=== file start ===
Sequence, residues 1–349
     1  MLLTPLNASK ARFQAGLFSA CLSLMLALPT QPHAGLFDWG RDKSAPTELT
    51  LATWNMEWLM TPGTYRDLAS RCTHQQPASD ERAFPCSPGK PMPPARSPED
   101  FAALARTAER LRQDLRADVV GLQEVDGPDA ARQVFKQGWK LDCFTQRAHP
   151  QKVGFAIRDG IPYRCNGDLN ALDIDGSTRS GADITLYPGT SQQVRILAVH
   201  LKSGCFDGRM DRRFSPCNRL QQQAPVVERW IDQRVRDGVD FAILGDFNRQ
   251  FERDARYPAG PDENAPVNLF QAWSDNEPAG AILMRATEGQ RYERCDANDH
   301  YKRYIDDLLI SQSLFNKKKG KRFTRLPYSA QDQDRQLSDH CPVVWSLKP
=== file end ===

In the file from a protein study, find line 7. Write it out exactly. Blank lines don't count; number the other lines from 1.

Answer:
   251  FERDARYPAG PDENAPVNLF QAWSDNEPAG AILMRATEGQ RYERCDANDH